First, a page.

Comprehensive insurance sounds as if it covers everything, but it actually applies only under limited circumstances. While you're legally obliged (in most states) to have liability and property damage coverage, comprehensive insurance is optional. A quick risk assessment helps you work out whether you need it.
Read More: Can You Get Insurance With a Permit?
TL;DR (Too Long; Didn't Read)
Comprehensive insurance covers damage to your car as a result of theft, vandalism, fire, natural disasters like hurricanes or tornadoes, falling objects, animals and civil disturbances.
What Comprehensive Insurance Covers
Comprehensive insurance is a coverage that helps you replace or repair your vehicle if it's stolen or damaged in an incident that's not a collision – for example, theft, vandalism, fire or a natural disaster such as a hurricane or tornado. It also covers damage caused by an animal, a falling object, a civil disturbance and broken glass.
When Should You Drop Full Coverage on Your Car?
Comprehensive insurance isn't right for everyone. Evaluate your risk for a comprehensive claim. If you live in the country surrounded by deer, your risk of hitting one with your car is higher than if you live in the city. If you live next to a golf course, your risk of damage from falling objects is higher than if you live in an apartment. If you park in a garage every night, your risk of storm damage is lower than if you park your car under trees in your yard. The higher your risk is for a comprehensive claim, the more important it is for you to have this coverage.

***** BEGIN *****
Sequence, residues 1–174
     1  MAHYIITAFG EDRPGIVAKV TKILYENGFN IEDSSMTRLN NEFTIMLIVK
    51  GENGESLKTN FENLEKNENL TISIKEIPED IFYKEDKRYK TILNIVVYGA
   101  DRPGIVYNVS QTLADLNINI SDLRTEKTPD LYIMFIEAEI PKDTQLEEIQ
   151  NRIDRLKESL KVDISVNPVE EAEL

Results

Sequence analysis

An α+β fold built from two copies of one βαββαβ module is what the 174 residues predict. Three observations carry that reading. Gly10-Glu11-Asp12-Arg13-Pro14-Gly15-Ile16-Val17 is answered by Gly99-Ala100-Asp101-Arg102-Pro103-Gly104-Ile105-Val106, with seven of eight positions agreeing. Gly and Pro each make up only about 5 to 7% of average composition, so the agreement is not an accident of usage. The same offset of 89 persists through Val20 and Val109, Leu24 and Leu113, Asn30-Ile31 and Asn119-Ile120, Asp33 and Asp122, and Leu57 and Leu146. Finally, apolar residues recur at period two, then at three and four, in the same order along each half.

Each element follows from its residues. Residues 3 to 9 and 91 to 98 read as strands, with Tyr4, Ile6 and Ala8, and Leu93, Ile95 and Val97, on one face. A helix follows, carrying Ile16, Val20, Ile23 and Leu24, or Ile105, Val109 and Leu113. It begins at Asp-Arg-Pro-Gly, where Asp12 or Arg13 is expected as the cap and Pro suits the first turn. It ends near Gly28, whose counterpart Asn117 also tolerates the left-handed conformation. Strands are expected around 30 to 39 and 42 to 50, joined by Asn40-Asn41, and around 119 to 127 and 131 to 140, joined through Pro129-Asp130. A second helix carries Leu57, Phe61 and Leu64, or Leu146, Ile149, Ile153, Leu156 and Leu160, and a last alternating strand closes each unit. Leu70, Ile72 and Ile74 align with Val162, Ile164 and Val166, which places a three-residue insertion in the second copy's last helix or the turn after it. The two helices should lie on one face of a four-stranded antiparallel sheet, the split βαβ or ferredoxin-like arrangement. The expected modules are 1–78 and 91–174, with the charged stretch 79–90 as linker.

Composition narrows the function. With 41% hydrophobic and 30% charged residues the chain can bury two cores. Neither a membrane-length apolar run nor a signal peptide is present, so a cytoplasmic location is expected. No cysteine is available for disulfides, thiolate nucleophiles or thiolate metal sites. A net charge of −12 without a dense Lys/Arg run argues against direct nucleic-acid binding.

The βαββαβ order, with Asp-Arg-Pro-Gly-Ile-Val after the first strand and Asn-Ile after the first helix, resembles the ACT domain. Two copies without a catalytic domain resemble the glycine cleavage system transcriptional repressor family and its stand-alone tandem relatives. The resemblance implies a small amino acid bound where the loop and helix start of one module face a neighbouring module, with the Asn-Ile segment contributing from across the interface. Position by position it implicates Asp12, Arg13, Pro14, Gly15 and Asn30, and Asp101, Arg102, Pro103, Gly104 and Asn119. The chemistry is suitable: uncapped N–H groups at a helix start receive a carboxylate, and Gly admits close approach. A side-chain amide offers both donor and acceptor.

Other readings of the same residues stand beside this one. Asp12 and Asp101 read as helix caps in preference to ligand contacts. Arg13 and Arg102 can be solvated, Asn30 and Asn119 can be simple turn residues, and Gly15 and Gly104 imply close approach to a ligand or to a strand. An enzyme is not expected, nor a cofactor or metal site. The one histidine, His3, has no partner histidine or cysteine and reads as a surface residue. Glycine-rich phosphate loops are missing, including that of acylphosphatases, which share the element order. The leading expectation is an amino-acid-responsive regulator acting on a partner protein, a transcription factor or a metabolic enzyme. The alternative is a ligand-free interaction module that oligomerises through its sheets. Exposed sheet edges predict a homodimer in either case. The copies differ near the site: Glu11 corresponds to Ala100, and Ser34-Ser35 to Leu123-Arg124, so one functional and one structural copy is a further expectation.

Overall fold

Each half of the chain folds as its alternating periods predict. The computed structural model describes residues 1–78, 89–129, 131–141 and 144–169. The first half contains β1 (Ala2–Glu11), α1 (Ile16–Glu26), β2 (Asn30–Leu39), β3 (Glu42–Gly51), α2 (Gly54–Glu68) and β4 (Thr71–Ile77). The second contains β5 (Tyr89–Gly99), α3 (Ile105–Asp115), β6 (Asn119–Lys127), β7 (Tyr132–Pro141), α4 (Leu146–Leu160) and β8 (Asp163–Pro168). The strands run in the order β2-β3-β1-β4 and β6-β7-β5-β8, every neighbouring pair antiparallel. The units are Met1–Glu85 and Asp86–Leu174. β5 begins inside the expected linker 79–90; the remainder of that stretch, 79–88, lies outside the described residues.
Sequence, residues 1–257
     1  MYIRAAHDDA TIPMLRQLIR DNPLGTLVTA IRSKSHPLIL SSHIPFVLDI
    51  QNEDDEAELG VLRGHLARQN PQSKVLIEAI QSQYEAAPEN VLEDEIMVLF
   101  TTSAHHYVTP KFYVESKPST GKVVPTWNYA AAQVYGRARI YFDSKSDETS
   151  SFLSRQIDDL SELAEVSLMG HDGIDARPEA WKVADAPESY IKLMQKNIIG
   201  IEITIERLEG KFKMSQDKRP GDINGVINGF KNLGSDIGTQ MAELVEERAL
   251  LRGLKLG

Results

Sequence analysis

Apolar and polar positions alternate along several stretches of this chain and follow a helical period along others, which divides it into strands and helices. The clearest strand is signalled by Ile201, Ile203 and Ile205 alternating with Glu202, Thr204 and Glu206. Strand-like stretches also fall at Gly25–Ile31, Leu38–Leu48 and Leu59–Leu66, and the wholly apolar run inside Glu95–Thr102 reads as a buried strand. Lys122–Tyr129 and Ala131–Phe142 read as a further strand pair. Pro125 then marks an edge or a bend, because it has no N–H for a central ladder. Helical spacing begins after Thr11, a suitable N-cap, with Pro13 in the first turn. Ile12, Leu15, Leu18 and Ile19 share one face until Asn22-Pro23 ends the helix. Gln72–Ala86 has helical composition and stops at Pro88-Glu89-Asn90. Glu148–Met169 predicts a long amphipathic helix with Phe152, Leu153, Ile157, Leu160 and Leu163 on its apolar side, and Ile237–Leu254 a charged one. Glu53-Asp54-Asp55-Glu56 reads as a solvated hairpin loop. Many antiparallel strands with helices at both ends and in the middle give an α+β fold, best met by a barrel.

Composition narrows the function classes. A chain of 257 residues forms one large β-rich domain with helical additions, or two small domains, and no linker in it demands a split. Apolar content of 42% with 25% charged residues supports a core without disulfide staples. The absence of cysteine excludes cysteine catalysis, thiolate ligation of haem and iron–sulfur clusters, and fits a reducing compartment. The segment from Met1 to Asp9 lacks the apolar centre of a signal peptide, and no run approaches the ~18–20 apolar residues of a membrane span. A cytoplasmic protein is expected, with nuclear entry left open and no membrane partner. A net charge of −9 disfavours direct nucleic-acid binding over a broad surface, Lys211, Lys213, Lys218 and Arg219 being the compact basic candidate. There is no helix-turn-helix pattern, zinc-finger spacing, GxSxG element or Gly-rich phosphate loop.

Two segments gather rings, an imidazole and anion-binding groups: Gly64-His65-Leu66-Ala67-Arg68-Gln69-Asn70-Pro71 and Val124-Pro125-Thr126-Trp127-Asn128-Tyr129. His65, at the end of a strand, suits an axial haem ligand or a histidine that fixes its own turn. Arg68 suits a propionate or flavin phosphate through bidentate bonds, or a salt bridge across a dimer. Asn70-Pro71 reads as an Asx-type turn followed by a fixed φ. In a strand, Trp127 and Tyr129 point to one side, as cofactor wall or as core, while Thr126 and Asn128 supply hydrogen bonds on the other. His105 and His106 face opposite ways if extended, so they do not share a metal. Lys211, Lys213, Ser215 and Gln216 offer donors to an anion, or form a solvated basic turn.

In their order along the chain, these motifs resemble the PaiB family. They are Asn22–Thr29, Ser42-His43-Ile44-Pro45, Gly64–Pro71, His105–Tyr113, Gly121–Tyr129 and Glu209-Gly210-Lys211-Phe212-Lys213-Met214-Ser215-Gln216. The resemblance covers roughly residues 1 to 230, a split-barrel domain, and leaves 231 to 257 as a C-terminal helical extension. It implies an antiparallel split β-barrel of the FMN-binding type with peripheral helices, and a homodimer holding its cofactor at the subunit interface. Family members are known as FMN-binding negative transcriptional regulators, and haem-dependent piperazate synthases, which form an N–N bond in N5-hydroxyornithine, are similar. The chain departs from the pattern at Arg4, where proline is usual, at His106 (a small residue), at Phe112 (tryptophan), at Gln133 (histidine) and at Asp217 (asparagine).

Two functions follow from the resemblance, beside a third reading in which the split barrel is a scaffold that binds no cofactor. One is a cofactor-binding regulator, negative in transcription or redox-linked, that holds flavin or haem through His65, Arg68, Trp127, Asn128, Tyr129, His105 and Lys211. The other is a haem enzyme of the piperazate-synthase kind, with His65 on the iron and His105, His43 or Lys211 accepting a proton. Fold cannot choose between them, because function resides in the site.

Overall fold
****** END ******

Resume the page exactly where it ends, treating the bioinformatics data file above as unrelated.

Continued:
You may not want comprehensive and collision insurance if you have an older car because the cost of repairing the car may be higher than the value of the car. In this case, an insurer will "total" the car and pay the actual cash value of the car, less the deductible, instead of repairing it.
"Full coverage" doesn't actually exist as a car insurance option, but if you have comprehensive insurance and collision insurance, you are covered for everything. Collision insurance covers damage to your car from a collision, damage to another person's vehicle from a collision, and your (or your passengers') medical expenses after an accident, which is not covered by comprehensive insurance. Generally, collision insurance is more expensive than comprehensive insurance.
Is Comprehensive Insurance Required by Law?
If you own your vehicle outright, comprehensive insurance is optional. Car insurance laws vary by state. State laws do not require physical damage coverage on vehicles, but almost all states require liability and property damage coverage.
If you're leasing or financing your vehicle, comprehensive and collision coverage may be required until the vehicle is paid off.
Other optional auto insurance coverages include rental reimbursement coverage, towing and labor coverage and medical payments coverage.
Read More: What is No-Fault Insurance?
- Michigan.gov: Brief Explanation of Michigan No-Fault Insurance
- South Carolina Department of Insurance: Automobile Insurance
- Utah Insurance Department: 10 Things You Should Know About Buying Auto Insurance
- Legal Beagle: What is No-Fault Insurance?
- Legal Beagle: Can You Get Insurance With a Permit?
- Legal Beagle: Types of Insurance Contracts
- Legal Beagle: What Is Collision Insurance?
Claire is a qualified lawyer and specialized in family law before becoming a full-time writer. She has written for many digital publications, including The Washington Post, Forbes, Vice and HealthCentral.